For my third novel, Windwalker, I created a doctor as a supporting character and I will state without being coy that he is, in fact, inspired by a real person. The doctor is based on a childhood friend of my husband's - a brilliant man who everyone thought was going to be South Africa's next Christiaan Barnard (a fact I mention in the novel as well). Instead he decided to leave South Africa and make neighbouring Namibia his home where he does wonderful work in a very, very tough part of the world. When we visit him, we have to take a prop plane from Walfish Bay and sputter our way across the inhospitable dunes of the Namib Desert. In my novel, he is portrayed extremely sympathetically - if not heroically. However, I did add an imaginary flaw. In the novel, he succumbs to alcoholic binge drinking once a month. I am happy to say the real life friend took this in his stride and gave me his (amused) blessing.

And then there are authors who like to build characters based on themselves. Tom Clancy has admitted in interviews that Jack Ryan - the intrepid, courageous, and handsome hero of Clear and Present Danger - is his literary alter ego. Stephen King is even less circumspect and appears as himself in one of The Dark Tower books, as does author Clive Cussler in his Dirk Pitt novels. I have never written a character based on myself although I confess to having great fun endowing my heroines with qualities I wish I possessed. On a purely physical level, many of my female characters have red hair as I would love to have Titian tresses myself. My heroines are brilliant, fearless, without inhibition and supernaturally talented: they are math geniuses, remote viewers, they pose in the nude, build memory palaces and do bungee jumping. Me? Not so much. While writing Witch, I did in fact turn up at a bungee jump but when I was second from the front of the row, decided that research is best conducted via the internet. Keeper of Light and Dust is about Martial Arts and kickboxing, which is something I do - but not very well. I certainly don't have Mia's moves and wouldn't last two seconds against a villain with Ninja skills like Ash. The interesting thing about this book is that the fighters I train with in real life, all expected to feature in the novel and told me they would feel hurt if excluded! I ended up having to create composite characters with clearly recognizable idiosyncrasies.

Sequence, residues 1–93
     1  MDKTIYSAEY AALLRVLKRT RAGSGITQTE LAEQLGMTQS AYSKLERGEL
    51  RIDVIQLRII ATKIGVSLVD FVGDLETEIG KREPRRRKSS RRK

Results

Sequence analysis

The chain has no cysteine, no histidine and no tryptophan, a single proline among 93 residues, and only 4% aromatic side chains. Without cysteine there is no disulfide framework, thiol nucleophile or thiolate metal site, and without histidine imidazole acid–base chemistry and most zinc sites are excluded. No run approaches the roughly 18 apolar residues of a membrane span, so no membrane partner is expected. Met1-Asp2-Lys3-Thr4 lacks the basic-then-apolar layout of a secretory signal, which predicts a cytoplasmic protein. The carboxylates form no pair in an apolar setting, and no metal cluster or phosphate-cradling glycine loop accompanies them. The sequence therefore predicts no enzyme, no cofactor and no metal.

Right, enough about that. Hope you guys are all well and that so far, the new year is treating you kindly. I returned to London from South Africa two days ago after a bumpy eleven and a half hour flight (always a lot of turbulence when crossing the equator) to a cold house and mountains of unopened mail. The fact that most of these letters are Christmas cards delivered after I had already left, only makes me feel even more melancholy. As do the Christmas decorations gathering dust on my mantelpiece. But never mind -- onwards and upwards! Below is a picture I took of the view from the living room of my Mum's home in Stellenbosch. Is it not gorgeous?



7 comments: